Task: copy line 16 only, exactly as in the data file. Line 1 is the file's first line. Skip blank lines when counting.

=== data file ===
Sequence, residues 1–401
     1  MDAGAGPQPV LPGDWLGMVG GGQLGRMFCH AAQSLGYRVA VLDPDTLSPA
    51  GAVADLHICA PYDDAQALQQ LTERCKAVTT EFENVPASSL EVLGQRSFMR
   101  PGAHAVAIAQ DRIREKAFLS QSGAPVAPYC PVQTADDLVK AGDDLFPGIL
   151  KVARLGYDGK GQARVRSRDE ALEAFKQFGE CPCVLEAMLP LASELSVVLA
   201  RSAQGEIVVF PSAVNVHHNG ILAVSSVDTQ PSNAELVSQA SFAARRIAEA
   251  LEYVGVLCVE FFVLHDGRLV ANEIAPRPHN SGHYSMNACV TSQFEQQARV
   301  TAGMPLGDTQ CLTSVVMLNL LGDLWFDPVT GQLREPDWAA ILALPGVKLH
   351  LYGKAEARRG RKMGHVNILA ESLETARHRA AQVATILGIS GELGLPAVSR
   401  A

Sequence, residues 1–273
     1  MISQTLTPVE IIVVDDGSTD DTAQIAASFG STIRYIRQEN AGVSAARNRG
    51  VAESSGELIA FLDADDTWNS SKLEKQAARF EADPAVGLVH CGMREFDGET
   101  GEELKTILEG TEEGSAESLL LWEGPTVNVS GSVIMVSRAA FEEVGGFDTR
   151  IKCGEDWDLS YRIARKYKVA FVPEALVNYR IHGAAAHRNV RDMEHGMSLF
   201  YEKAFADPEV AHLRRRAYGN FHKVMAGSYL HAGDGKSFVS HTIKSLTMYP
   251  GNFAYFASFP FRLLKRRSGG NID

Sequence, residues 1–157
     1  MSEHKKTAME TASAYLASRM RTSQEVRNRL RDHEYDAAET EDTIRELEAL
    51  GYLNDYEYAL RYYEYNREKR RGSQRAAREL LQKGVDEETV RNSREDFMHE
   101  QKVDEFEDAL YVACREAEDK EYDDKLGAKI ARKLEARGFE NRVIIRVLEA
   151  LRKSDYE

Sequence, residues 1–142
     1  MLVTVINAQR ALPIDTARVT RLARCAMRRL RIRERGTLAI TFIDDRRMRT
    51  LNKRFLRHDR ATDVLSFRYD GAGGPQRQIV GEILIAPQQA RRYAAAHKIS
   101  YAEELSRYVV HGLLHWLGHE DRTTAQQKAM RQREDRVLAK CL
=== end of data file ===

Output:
   201  YEKAFADPEV AHLRRRAYGN FHKVMAGSYL HAGDGKSFVS HTIKSLTMYP